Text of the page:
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Last season’s bitter finale overtime loss to Princeton still lingers, but Penn field hockey is set to move forward and try to win the Ivy this year.

Photo: Julio Sosa / The Daily Pennsylvanian

As far as bitter losses go, this one was a fourteen on the p.H. scale.

Penn field hockey came into the final game of its 2015 season looking to do something it hadn’t accomplished in over a decade: win a share of an Ivy League title. However, one crushing overtime later, the Red and Blue were forced to settle with a frustrating end to the season.

Princeton used a sudden-death goal from then-sophomore Ryan McCarthy to polish off their perfect 7-0 conference record, giving the Tigers the Ivy title for the 11th consecutive year and 21st time in 22 seasons. The Quakers dropped to 5-2 in conference play, still matching their best mark of coach Colleen Fink’s six-year tenure.

“We were a really cohesive unit coming into that game, which is why we were able to stick together through that really difficult time,” Fink said of the loss. “That really speaks volumes to the character of the girls on the team in that [the loss] didn’t turn into anything in terms of blaming or negativity.”

Princeton took an early 1-0 lead on a goal from then-senior standout Maddie Copeland, a lead the Tigers held for most of the game. However, with three minutes remaining, then-freshman Selena Garzio found the back of the net off of a penalty corner to knot the score at one and keep the Quakers’ hopes alive.

“She’s been doing really well on that short shot from the straight insert all week long,” Fink said immediately after the game. “We were confident at that juncture of the game that she’d be able to finish, and she did. She executed it perfectly.”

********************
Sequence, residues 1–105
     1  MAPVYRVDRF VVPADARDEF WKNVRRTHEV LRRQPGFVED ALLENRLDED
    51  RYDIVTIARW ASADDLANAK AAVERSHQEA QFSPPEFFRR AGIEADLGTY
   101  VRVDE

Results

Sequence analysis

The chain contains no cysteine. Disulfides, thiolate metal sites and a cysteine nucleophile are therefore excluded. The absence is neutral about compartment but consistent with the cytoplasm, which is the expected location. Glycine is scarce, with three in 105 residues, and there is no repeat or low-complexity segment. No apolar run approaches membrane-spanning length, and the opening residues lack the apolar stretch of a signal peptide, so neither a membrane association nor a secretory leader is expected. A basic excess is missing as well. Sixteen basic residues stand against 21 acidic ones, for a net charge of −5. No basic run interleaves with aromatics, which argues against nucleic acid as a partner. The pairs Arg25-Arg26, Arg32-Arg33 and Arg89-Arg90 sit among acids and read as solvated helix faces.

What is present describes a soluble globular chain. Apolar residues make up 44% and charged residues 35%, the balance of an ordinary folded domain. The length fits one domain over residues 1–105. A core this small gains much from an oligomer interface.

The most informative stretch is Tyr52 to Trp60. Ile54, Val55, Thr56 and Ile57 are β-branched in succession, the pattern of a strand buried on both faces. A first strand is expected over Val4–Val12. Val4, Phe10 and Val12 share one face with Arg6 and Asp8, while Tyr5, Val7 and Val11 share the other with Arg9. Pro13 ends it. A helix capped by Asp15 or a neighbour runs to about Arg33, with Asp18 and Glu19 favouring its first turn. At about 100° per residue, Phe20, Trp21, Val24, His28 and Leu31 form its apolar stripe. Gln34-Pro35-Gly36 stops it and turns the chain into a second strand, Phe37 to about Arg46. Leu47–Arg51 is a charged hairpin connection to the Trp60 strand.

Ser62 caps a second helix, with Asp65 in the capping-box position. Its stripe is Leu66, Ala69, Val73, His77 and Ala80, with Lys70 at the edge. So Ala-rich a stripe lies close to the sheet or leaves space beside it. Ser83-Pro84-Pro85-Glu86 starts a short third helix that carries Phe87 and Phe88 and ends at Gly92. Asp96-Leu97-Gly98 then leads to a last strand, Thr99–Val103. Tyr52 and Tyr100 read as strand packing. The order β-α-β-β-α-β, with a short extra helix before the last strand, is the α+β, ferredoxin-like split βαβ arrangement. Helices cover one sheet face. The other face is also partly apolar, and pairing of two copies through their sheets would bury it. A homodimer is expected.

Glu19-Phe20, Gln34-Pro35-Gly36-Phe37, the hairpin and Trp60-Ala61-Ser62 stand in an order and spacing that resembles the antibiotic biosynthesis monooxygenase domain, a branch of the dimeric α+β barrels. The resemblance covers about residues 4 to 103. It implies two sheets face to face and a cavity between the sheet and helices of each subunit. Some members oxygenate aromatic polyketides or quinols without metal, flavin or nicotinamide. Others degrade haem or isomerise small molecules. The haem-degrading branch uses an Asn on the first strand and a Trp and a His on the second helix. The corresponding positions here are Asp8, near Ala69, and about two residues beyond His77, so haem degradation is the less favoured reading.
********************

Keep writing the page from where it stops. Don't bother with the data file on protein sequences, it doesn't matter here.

Though things would end quickly just three minutes into overtime, Penn is quick to look at the game as a learning experience that capped a largely successful season, one that proved the team to be oh-so-close to Princeton’s equal.

“We were kind of on our heels at first,” senior captain Elise Tilton said of the game. “Over the years we built up Princeton as this team that’s, ‘Oh wow, [2012] NCAA champs.’ But they’re not the team they used to be, and we’re not the team we used to be, either.”

“It’s definitely heartbreaking to think about, but it’s just something that makes us want it more,” senior captain Claire Kneizys added. “We lost in overtime, and we’re not going to let that happen again. It did definitely unify us.”

The Quakers lost several key pieces following the season — Ivy assists leader Elizabeth Hitti graduated and Garzio, the team’s second-leading goal scorer, left the team. However, the Quakers will return their most important player, two-time defending Ivy goals leader Alexa Hoover.

Hoover scored 27 goals in her sophomore campaign a year ago, 11 more than any other player in the conference. Her 1.69 goals per game was the second-best in all of Division I.

Also returning to the team — along with Tilton and Kneizys — will be junior attack Gina Guccione, expected to increase her role on offense, and starting goalkeeper Liz Mata, the league’s leader in goals against average a season ago.

Furthermore, Princeton will be hampered by the loss of Copeland, the conference’s 2015 Offensive Player of the Year, to graduation.

“Copeland did what she did well,” Fink said of the departed star. “They were a strong team with a lot of talented players.

“But so are we.”

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